When ice starts forming on Lake of the Woods on the Minnesota/Ontario/Manitoba boundary, Lance Sage says duck hunting can be extraordinary. "Find the right spot, and you'll be in for the shoot of your life," he says.
Sage helps run his family's Sage's Angle West Resort in Minnesota's Northwest Angle. He's a part-time guide and an avid waterfowler who specializes in diving ducks. When the lake starts freezing in late fall, bluebills, goldeneyes, ruddy ducks, canvasbacks, ring-necked ducks, and others concentrate in areas that remain open. Sage looks for open water on wind-exposed points and banks, spring-fed areas, and rivers flowing into or out of the lake. Sage says finding these spots is simply a matter of watching where birds are flying and following them to where they are rafting.
"The bays freeze first, and when they do, the ducks move out to big water," he says. "The main lake holds its temperature longer, and strong winds also help keep it open. I'll use binoculars to find where ducks are landing, and then I'll figure out how to get there and set up." Sometimes he can access a wind-washed point or shoreline from the bank. Other times he breaks ice (up to an inch-and-a-half thick—no more) to reach open water. "This type of hunting isn't for the faint of heart," he advises.
Sage uses the same decoy spread and calling techniques that he employs before ice starts forming. "I don't change anything," he says, "except if it's snowing, I might change my camouflage. This is strictly a matter of locating the birds."
"Fog can be a really good thing, but you have to be quiet and extra careful not to let ducks see you," says Jackie Van Cleave of Samburg, Tennessee. Van Cleave is a full-time guide on fabled Reelfoot Lake. "Ducks can see better in fog than most people think they can," he says. "They can see decoys from overhead, and they'll just pop into your spread if they don't see or hear something that spooks them."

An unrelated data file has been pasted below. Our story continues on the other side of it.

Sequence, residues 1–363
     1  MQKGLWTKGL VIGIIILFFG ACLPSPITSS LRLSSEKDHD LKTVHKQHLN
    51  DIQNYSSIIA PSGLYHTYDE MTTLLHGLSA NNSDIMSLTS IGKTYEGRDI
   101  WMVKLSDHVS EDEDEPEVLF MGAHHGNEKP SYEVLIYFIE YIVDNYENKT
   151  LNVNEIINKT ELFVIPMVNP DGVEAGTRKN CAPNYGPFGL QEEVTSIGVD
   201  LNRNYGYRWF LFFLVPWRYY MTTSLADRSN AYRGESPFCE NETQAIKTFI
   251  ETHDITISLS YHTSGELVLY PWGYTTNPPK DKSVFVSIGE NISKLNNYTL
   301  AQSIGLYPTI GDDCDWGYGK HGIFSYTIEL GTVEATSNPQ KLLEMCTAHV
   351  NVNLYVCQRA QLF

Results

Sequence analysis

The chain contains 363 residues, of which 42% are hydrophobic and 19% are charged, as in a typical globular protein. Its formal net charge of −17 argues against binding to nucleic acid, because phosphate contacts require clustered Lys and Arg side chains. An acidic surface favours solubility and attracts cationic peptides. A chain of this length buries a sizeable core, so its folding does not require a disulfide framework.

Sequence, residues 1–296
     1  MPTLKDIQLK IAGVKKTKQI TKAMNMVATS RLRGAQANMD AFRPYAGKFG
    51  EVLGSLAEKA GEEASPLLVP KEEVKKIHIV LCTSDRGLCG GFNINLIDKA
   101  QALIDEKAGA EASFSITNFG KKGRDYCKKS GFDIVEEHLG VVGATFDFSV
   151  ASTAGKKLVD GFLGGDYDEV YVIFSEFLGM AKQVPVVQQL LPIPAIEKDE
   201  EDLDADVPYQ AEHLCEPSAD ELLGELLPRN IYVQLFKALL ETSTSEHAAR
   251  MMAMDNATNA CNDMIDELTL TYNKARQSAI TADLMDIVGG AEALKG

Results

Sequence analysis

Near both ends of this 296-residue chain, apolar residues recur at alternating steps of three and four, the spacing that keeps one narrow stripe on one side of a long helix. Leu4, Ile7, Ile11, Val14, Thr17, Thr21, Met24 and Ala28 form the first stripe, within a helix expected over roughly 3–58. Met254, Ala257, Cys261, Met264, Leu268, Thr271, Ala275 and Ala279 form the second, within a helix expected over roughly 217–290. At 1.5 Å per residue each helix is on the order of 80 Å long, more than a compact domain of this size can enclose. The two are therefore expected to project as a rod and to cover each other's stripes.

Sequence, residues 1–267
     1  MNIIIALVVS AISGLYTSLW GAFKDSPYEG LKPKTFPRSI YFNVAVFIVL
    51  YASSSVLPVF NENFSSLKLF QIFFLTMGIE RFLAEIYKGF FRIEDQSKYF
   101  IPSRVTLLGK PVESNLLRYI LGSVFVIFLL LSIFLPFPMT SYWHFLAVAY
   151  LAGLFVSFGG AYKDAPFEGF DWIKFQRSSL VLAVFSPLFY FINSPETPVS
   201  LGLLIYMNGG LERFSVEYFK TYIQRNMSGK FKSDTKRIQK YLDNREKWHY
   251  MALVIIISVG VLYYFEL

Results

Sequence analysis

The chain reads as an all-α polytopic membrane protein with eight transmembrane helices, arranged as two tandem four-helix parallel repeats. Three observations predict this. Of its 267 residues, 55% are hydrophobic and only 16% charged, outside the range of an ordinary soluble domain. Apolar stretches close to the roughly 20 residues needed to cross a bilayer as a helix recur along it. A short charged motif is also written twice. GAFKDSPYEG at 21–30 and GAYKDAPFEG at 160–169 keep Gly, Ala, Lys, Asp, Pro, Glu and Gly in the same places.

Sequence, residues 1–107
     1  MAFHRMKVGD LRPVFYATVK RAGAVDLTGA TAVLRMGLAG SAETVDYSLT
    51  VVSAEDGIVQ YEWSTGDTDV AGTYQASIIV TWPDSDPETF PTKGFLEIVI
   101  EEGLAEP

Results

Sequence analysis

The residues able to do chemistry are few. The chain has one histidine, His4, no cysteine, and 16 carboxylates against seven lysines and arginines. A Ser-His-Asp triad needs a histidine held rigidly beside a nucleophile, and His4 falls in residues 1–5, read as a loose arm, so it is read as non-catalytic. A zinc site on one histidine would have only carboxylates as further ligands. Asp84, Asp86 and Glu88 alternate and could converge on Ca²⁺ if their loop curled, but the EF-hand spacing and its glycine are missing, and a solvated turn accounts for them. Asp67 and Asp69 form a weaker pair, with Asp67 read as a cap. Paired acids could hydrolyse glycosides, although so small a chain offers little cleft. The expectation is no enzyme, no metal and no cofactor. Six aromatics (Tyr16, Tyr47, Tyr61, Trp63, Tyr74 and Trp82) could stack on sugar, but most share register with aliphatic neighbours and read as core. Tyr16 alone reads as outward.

Van Cleave calls sparingly in fog. "A lot of hunters hear ducks chattering up in the fog and then start calling to them. That will usually flare them," he explains. "Instead, I use a Mallard Machine (water-disturbance device), and I'll bump it once every 30 seconds to make a little splash. It's the splashing noise and decoy movement that bring ducks in. The only calling I might do is a little soft feed chatter every now and then."
Another important factor in hunting in fog is staying still and being completely covered in the blind. "Pull plenty of brush up around your shooting hole and be absolutely still," Van Cleave says. "Don't do any talking or moving around in the blind. On a foggy morning, any little noise will scare ducks. Just keep your eyes over the decoys and be ready. Ducks will get in on you in a hurry in the fog, and if you're not ready, they'll flare and disappear before you can shoot."